The SEC action prompted obituaries, but bitcoin is thriving. A prime reason is the distrust many citizens have in their government’s currency. They want to use bitcoin as a hedge or an alternative mechanism of payment and transfer when government currency doesn’t efficiently perform such basic functions. It’s no surprise that millennials, many of whom understand the digital currency much better than their baby-boom forbears, are investing in bitcoin at far greater rates.
Most immediately, GOP leaders and President Trump are under enormous pressure to approve health-care legislation — but that is only the beginning. Virtually every piece of their ambitious legislative agenda is stalled, according to multiple Republicans inside and outside of Congress. They have made no serious progress on a budget despite looming fall deadlines to extend spending authorization and raise the debt ceiling. Promises to launch an ambitious infrastructure-building program have faded away. And the single issue with the most potential to unite Republicans — tax reform — has yet to progress beyond speeches and broad-strokes outlines.
Institutional investors are holding roughly 2.25% of assets under management in cash, the lowest since at least the start of the eight-year bull market, according to survey data compiled by Citigroup. It marks a significant drop from the quarter ended September 30, 2016, when those same traders held about 7.5% of holdings in cash, the most since 2008. The large decline in cash holdings shows “investors are chasing the tape and putting money to work,” Citigroup chief US equity strategist Tobias Levkovich wrote in a client note.
I find his choice of words inflammatory, but I guess when you’re worth $16.8bn (Forbes) you can write what and how you please. In past CBBs I took strong exception with Ray Dalio’s “beautiful deleveraging” thesis. Data these days speak incontrovertibly to the fact that from a systemic standpoint there has been a huge accumulation of additional debt – at home and globally. The notion of deleveraging is a myth. It is the unprecedented inflation of “money” at the very foundation of global finance that is real. As for “wonderful monetary policy,” at best the jury’s still out. I’ll be shocked if we look back in five or ten years and tag this period’s monetary management in a positive light.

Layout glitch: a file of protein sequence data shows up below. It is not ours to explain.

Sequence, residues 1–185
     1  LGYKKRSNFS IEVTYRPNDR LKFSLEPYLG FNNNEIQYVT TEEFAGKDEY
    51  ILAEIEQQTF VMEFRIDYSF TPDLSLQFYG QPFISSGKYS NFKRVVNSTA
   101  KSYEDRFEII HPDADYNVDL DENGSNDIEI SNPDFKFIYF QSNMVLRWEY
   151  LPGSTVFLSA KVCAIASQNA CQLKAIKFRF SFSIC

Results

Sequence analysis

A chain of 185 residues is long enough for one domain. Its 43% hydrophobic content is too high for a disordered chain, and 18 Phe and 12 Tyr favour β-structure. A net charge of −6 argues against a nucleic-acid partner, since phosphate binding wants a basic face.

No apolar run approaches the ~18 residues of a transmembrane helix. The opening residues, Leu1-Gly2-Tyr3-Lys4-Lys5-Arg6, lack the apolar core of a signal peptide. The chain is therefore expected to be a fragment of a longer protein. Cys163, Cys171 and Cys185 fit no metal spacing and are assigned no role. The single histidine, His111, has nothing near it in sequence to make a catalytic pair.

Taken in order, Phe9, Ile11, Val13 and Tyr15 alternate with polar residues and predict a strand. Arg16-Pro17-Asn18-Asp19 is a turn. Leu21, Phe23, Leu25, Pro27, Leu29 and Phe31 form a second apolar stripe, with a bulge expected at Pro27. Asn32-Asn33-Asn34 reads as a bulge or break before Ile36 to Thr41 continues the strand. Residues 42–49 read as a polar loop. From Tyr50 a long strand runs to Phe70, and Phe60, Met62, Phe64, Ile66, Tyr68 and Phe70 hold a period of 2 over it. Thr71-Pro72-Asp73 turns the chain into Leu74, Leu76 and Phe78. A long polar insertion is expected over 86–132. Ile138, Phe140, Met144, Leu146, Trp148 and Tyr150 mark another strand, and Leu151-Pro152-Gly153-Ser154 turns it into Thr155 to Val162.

Malls are bearing the brunt of changes in retail, but they’re only the canary in the coal mine. Let’s start with a simple premise; commercial real estate (CRE) will change more in the next decade than it has in the past hundred years. Anyone who thinks they can fully foresee how it will evolve is lying to you. The only certainty is that highly leveraged real estate investors and lenders will be obliterated as current models evolve faster than anticipated.
The reason this is important today is because Trump has promised “bold action” against steel imports — steel imports from China, coincidentally — presumably to show off American “industrial might,” according to this article. Trump also believes action against imports will provide “a source of well-paying blue-collar jobs.” Mao would be proud. In April, as a clever ruse to justify new protectionist measures, Trump instructed his administration to investigate the national security implications of importing steel. An announcement about the outcome of this charade is expected any day now.